Tuesday, October 2, 2007

Berlin Art Fairs part 2

Of course, there was more to see than just emerging artists. I knew I could count on Rudolph Kicken to have a scintillating booth filled with a combination of stellar names and less-well-known artists. Of the first type, there were wonderful examples of New Objectivity school and an array of first class photos of Christer Strömholm. Also, I was taken by a beautiful and powerful photo by Ryuji Miyamoto.

Of the second type, there was a very large scale installation by the art couple Anna and Bernhard Blume. I was unfamiliar with their work. I was told that this work is in the collection of MoMA and that they are better known in European collections. This work was from the 80's. I was surprised by the scale(over 10 feet high and at least 20 feet across), and the surreal and serial nature of the work. I had not seen anything quite like it. I will be looking to learn more about this work.

I was really impressed by the show at Postmasters this past year of the young artist, Anthony Goicolea. Aurel Scheibler Gallery (http://www.aurelscheibler.com/) had a larger scale work from that show. It was a standout.

Galerie Anhava from Helsinki had a strong showing you would expect from Helsinki school artists (www.anhava.com). Of particular note for me was the work of Pertti Kekarainen. The series on view was of hallways and glass doorways filled with light and geometric forms. These are "straight" photographs that compel with their formal rigor and luminous aspect. Unlike so much work that I commented on from day one in berlin, this work has the appearance of 3 dimensions while existing in the traditional 2 dimensions of a photo. One can walk into these photos. They may be a little emotionally cool for some tastes, but I like them alot.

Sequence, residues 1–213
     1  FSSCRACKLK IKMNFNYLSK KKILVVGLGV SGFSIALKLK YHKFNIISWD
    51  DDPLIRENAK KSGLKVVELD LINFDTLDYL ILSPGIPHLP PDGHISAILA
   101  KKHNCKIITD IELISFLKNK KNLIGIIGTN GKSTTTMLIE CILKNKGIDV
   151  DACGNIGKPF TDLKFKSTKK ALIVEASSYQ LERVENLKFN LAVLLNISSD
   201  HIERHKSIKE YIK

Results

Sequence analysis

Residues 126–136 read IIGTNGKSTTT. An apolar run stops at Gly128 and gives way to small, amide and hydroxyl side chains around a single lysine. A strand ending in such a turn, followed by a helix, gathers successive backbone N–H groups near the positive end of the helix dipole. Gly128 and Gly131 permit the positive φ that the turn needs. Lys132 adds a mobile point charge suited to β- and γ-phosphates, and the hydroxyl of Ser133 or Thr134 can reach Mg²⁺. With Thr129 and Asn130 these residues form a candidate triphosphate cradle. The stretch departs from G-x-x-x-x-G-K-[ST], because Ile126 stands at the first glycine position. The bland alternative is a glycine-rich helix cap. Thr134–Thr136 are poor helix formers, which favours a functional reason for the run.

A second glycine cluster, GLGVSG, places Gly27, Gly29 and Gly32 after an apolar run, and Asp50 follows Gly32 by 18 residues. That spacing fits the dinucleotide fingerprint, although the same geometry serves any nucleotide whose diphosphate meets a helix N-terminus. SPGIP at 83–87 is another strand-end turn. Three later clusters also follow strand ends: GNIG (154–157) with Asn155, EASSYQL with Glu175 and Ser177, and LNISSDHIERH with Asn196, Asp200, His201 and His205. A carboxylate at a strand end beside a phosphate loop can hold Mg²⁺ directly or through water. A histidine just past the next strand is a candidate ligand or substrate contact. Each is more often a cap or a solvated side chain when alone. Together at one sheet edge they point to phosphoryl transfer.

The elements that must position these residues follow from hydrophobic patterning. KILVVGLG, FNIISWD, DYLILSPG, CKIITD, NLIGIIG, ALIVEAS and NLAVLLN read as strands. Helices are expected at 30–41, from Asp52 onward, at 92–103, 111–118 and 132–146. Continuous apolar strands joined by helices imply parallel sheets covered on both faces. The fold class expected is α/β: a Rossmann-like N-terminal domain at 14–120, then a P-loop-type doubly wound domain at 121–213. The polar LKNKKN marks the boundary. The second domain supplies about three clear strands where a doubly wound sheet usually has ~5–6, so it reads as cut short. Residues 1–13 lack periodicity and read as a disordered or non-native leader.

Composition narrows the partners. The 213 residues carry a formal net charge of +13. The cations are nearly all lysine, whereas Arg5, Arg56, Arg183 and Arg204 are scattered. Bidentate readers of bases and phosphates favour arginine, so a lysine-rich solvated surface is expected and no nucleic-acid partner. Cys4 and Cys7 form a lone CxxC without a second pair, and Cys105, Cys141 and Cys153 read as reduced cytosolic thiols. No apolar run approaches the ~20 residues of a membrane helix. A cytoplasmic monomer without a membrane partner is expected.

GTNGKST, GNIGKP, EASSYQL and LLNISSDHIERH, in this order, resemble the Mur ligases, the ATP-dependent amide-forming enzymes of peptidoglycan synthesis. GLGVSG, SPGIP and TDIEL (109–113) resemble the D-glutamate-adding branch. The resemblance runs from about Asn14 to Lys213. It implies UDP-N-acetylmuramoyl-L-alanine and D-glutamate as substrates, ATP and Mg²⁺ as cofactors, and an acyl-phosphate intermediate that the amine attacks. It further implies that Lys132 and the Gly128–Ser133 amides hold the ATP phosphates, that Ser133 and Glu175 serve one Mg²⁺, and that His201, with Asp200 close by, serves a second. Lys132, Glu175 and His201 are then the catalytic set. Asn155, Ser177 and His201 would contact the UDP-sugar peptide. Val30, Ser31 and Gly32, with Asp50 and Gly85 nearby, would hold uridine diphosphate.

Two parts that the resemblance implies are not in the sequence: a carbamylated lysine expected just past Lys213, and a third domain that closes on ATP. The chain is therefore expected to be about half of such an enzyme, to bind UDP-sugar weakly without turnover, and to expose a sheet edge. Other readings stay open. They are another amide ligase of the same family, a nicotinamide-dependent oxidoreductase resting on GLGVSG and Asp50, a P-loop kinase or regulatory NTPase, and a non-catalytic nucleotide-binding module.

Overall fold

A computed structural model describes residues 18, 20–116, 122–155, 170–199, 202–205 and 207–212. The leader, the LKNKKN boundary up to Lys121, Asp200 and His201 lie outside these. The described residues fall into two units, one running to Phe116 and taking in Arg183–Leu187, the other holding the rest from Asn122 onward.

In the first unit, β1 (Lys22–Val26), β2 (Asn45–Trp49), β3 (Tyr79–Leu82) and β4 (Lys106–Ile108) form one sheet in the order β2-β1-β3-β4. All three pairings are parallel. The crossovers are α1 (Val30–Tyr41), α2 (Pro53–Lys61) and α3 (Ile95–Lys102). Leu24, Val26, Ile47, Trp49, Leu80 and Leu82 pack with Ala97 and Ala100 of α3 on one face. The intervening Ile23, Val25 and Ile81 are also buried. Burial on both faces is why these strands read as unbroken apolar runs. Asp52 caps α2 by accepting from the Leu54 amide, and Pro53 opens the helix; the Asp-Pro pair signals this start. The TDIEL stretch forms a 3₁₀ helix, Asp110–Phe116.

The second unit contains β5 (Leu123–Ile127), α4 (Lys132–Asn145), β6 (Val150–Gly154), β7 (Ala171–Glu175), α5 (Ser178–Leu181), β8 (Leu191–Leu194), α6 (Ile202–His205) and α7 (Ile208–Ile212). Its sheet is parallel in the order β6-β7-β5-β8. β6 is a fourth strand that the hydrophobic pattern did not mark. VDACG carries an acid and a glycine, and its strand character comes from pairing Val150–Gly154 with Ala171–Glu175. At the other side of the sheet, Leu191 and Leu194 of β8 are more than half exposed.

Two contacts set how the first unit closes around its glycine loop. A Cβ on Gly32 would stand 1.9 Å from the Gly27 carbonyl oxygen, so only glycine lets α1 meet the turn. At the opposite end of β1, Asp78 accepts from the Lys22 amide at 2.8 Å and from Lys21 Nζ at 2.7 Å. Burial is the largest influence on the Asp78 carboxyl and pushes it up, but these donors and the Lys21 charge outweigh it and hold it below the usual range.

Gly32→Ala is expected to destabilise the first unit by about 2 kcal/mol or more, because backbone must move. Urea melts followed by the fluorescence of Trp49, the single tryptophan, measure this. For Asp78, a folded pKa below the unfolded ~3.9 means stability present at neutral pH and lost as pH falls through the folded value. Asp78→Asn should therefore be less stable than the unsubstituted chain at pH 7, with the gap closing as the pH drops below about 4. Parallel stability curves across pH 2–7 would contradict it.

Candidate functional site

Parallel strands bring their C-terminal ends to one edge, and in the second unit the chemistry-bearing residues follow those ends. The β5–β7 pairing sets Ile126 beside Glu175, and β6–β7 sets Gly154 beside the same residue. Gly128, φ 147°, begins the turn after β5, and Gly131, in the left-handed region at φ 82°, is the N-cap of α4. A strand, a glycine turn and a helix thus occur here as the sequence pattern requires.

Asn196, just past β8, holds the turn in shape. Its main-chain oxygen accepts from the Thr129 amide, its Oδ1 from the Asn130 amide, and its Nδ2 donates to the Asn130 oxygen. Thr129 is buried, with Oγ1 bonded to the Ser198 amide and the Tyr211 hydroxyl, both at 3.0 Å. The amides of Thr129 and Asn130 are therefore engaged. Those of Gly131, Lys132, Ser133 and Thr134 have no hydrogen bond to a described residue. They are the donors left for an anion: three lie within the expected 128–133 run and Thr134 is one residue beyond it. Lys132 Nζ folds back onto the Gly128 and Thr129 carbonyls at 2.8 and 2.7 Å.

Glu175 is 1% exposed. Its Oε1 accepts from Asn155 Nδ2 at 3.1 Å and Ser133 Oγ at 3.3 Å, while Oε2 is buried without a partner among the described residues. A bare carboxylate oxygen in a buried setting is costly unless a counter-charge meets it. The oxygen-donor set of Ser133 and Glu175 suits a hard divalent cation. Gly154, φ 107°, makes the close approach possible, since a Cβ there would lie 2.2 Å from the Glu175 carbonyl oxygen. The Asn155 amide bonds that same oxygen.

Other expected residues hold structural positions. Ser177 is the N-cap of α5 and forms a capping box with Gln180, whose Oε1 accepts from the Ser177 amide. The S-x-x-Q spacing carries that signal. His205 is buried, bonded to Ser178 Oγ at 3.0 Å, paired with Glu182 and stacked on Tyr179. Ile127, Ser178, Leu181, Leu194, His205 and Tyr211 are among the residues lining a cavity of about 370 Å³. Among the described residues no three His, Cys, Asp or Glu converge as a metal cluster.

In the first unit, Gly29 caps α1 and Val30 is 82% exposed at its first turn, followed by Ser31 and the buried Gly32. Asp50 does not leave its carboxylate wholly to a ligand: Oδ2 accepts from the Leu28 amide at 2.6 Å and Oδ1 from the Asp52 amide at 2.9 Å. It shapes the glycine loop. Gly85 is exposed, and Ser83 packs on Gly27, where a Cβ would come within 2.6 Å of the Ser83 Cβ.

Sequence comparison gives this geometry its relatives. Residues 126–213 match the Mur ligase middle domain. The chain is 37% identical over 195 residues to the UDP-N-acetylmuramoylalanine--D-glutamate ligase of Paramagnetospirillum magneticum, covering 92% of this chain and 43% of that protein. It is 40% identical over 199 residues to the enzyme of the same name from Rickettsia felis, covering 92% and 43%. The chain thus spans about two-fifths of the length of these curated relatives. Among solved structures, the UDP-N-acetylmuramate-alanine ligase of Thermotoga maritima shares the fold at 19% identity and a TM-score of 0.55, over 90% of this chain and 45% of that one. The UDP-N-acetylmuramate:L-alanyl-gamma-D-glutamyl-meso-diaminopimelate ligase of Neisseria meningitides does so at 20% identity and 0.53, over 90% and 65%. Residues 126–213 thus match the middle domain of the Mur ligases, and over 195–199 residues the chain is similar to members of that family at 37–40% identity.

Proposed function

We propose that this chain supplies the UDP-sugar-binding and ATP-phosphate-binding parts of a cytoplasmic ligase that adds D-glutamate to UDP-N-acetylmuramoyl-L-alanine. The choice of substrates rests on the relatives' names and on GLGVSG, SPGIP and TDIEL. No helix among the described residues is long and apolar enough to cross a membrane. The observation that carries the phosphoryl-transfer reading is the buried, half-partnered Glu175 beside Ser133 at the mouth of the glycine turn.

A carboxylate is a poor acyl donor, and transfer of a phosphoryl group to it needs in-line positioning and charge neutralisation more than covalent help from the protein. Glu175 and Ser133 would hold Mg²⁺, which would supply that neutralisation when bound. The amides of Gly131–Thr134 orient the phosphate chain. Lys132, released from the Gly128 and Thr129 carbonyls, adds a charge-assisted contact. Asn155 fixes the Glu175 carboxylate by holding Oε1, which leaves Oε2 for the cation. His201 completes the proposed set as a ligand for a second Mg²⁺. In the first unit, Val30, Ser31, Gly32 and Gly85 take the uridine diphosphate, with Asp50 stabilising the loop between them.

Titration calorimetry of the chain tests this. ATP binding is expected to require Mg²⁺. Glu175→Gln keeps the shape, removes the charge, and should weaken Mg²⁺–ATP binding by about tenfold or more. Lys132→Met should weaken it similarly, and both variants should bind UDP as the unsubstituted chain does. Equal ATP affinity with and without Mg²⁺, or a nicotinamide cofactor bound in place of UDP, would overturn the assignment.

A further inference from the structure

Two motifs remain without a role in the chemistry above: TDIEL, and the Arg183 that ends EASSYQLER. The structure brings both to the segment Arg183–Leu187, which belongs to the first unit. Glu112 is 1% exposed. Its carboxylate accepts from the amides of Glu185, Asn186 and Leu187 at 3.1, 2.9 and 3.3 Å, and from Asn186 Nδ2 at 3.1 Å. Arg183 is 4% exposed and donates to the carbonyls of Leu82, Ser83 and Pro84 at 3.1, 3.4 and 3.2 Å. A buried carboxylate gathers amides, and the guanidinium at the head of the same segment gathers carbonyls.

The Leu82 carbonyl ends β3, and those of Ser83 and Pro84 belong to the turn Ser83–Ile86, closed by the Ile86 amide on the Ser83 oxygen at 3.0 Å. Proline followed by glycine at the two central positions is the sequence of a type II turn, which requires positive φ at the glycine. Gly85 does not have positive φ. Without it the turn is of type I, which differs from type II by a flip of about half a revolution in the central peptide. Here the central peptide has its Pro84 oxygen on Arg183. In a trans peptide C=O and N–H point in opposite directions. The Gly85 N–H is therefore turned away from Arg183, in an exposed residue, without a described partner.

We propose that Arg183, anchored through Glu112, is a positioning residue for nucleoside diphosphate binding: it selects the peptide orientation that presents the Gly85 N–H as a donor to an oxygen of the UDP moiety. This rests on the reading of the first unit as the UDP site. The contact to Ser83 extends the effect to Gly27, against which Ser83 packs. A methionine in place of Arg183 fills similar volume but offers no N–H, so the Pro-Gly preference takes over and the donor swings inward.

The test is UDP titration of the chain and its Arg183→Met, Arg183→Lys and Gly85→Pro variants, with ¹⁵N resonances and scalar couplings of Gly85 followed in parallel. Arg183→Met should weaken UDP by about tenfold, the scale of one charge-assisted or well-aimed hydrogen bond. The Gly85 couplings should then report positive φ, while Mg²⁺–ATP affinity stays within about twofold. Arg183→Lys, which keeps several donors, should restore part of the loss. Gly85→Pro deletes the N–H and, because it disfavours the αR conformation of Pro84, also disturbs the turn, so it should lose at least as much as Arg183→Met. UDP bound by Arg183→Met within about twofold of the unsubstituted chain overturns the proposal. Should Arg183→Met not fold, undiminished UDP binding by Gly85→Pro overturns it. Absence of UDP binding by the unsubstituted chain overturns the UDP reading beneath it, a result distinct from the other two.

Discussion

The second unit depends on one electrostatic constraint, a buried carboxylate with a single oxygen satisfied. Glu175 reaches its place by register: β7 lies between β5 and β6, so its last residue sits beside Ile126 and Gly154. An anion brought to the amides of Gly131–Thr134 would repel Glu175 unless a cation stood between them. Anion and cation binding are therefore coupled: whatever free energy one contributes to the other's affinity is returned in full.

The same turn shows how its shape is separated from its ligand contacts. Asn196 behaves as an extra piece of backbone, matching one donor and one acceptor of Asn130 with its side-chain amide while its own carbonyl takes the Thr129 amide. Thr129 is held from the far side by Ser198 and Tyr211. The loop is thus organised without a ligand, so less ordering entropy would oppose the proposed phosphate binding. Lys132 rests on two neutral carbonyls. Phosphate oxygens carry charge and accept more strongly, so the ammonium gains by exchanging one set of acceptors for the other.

1. Anna and Bernhard Blume was an important part of my understanding of photography when I was studying. Esp. because they, as you pointed out, moves in other directions than other I know of using the photographic lens to produce art. Where I studied, oslo, they were well apreciated. Mainly because they were subjective - but not the "stiff" german / northern europe subjective ness (as master Strömholm did it), nor american "pulp" subjectiveness.
    They used surrealism in a different way than what i was used to back then. Also it was important to me (us, the students) that they were german, but not stiff germans like the düsseldorf school (becher school).

    I cannot remember properly, but wasnt the prints of Strömholm not that expensive?

  2. LMT,

    Thanks for your post. I'll be eager to learn more from you about the Blumes. They are not well known at all among US photo lovers.

    I didn't check on the prices of the Stromholms. My memory is that they are not expensive relative to his place in photo history and his prints are always exquisite. Still, this fair I wasn't buying so I didn't ask that question.